In an effort to better address the social, emotional, and sexual health needs of young people, Planned Parenthood is bringing its services to high schools in Los Angeles. The landmark program will see 50 Wellbeing Centers open on the campuses of high schools throughout Los Angeles, providing students with access to health care services, education, support, and more.
“All young people deserve to have the education, resources, and skills they need to make informed decisions about their health, their relationships, and their futures," Alexis McGill Johnson, the interim president and CEO of Planned Parenthood Federation of America, said in a statement issued Wednesday. "Too many young people don’t have access to the health care or information they need to live their healthiest lives — and these Well being Centers are helping to change that."
The Los Angeles County Department of Public Health, which has partnered with Planned Parenthood Los Angeles and a number of other Los Angeles County agencies for the program, described the Wellbeing Centers as safe spaces for students to receive a variety of health services and support for living healthy lives. "The school-based Wellbeing Centers present both safe places to learn and talk freely about many of the stigmatizing issues our kids face on a daily basis as well as avenues of access to direct, quality services when indicated," Dr. Jonathan Sherin, the Director of the Los Angeles County Department of Mental Health, said in a statement.
While on-campus Wellbeing Centers are currently open at just five high schools, plans are in place to expand the program to include 50 schools over the next two years, according to the Los Angeles County Department of Public Health.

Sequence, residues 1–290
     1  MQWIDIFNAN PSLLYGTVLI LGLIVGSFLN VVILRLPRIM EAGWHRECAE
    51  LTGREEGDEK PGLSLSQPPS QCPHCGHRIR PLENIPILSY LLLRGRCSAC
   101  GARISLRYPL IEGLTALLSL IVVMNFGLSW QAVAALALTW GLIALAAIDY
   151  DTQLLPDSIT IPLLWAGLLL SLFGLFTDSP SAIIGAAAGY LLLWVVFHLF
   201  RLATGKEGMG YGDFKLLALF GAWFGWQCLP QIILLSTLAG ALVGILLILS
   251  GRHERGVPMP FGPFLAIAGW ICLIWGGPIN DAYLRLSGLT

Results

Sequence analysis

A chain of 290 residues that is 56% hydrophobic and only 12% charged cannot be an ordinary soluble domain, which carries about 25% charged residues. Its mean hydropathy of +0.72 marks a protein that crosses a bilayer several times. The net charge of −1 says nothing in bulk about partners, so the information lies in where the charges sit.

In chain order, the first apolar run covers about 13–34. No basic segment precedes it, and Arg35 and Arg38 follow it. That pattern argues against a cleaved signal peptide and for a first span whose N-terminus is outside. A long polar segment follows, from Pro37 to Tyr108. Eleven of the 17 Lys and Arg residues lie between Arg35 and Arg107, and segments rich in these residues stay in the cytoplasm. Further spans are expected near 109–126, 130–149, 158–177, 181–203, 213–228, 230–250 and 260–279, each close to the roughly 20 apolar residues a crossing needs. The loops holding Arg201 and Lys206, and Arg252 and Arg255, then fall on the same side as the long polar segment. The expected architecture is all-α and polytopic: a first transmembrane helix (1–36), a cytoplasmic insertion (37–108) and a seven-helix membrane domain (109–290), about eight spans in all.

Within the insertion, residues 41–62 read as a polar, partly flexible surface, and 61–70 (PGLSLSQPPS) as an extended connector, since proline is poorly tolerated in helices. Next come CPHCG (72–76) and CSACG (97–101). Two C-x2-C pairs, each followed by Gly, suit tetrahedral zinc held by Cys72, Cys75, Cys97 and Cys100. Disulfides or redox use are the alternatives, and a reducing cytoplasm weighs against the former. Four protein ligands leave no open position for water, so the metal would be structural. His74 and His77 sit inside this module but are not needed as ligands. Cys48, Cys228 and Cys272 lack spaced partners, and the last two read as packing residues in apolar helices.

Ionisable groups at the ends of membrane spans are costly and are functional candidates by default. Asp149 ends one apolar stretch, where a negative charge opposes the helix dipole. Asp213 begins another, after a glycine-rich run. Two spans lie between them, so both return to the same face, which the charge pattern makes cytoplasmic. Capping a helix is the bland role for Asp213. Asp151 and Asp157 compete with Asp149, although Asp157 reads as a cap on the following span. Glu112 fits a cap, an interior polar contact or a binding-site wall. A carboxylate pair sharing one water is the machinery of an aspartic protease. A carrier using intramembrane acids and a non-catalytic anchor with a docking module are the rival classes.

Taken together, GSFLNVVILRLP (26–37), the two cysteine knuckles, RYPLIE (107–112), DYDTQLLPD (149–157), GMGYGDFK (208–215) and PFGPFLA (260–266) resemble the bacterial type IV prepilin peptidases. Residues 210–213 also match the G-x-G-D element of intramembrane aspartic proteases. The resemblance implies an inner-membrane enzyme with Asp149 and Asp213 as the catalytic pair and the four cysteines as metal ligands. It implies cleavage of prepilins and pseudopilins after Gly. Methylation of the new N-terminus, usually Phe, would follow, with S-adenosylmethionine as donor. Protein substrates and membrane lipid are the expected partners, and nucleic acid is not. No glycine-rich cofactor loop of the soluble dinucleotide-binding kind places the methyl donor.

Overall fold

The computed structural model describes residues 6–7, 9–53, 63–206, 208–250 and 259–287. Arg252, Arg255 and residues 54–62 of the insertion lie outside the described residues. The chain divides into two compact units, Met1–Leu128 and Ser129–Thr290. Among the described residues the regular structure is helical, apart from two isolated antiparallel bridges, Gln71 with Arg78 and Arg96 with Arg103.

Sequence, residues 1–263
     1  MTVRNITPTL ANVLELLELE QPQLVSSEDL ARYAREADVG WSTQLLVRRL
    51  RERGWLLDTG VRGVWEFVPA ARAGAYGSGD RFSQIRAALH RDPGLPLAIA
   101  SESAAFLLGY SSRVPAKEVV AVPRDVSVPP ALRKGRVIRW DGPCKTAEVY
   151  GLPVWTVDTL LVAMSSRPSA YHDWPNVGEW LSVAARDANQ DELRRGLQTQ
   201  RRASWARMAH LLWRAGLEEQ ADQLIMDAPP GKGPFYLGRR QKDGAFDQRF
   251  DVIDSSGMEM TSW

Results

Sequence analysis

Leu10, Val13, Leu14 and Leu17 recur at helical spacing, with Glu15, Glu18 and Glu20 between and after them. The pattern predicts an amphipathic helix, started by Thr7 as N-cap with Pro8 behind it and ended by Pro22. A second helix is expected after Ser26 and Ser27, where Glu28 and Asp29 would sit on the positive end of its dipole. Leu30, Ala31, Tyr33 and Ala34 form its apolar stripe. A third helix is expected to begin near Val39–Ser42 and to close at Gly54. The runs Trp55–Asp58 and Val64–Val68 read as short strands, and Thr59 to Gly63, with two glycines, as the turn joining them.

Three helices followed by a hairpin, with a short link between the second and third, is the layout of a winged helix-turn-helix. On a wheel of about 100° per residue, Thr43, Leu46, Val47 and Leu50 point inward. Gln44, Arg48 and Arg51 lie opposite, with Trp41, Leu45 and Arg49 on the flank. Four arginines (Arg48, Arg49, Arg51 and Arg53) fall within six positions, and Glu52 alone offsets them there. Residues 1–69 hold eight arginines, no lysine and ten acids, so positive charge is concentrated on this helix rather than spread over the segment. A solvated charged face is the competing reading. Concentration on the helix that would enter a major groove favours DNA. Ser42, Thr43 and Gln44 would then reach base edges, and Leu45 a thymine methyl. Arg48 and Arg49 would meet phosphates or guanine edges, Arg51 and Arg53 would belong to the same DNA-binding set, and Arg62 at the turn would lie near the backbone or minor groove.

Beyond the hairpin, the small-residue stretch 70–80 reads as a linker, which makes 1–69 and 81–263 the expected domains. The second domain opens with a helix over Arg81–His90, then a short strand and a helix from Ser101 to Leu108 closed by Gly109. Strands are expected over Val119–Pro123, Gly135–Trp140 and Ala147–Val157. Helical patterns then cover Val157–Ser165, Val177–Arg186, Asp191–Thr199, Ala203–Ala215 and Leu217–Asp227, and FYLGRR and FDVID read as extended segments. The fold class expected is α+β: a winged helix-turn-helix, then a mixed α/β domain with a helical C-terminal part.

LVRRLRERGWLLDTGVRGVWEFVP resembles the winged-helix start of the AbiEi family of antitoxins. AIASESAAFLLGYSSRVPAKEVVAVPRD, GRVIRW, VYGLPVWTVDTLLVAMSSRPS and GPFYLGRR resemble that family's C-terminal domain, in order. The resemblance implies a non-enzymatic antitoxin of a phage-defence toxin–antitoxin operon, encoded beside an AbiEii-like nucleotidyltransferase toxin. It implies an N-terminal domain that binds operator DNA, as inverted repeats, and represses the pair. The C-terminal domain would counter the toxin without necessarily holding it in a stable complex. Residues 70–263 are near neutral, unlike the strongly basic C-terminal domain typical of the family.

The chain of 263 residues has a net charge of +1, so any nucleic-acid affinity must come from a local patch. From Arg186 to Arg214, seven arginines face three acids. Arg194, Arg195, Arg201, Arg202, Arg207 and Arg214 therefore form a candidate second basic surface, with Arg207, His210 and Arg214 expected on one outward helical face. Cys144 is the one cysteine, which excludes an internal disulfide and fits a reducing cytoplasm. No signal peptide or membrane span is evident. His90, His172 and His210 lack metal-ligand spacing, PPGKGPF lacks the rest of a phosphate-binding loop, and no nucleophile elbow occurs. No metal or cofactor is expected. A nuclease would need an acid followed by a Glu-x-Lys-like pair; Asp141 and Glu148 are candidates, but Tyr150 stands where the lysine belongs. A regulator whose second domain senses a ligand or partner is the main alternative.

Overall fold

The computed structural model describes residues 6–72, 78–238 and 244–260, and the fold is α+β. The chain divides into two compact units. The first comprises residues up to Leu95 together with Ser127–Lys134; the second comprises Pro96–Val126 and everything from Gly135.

Each Wellbeing Center will be staffed by two health educators who hold Master's degrees in Public Health. Through what the Department of Public Health stressed would be "age-appropriate, evidence-informed curriculum," these educators provide high school students with information about a variety of topics including, consent, healthy relationships, substance abuse, behavioral and sexual health, and social and emotional well-being.
The centers will also include reproductive health clinics, giving students access to contraceptives, pregnancy tests and referrals, as well as treatment and tests for sexually transmitted infections. As The Los Angeles Times has pointed out, California law gives students over the age of 12 the right to obtain birth control without parental consent.
Born out of a collaboration between a number of local partners, including the Los Angeles Unified School District, the Los Angeles County Office of Education and the county's Board of Supervisors, the program is expected to cost at least $12 million to run for the first year, according to The Los Angeles Times. Overall, the goal of the on-campus Wellbeing Centers is to make health services and health education more accessible for young people.
"This groundbreaking program means that students don't have to worry about missing school just to access the quality health care, education, and resources they need," McGill Johnson said. "This program is an example of how communities can work together to listen to the needs of young people and get them the resources they need to protect their health and plan their futures."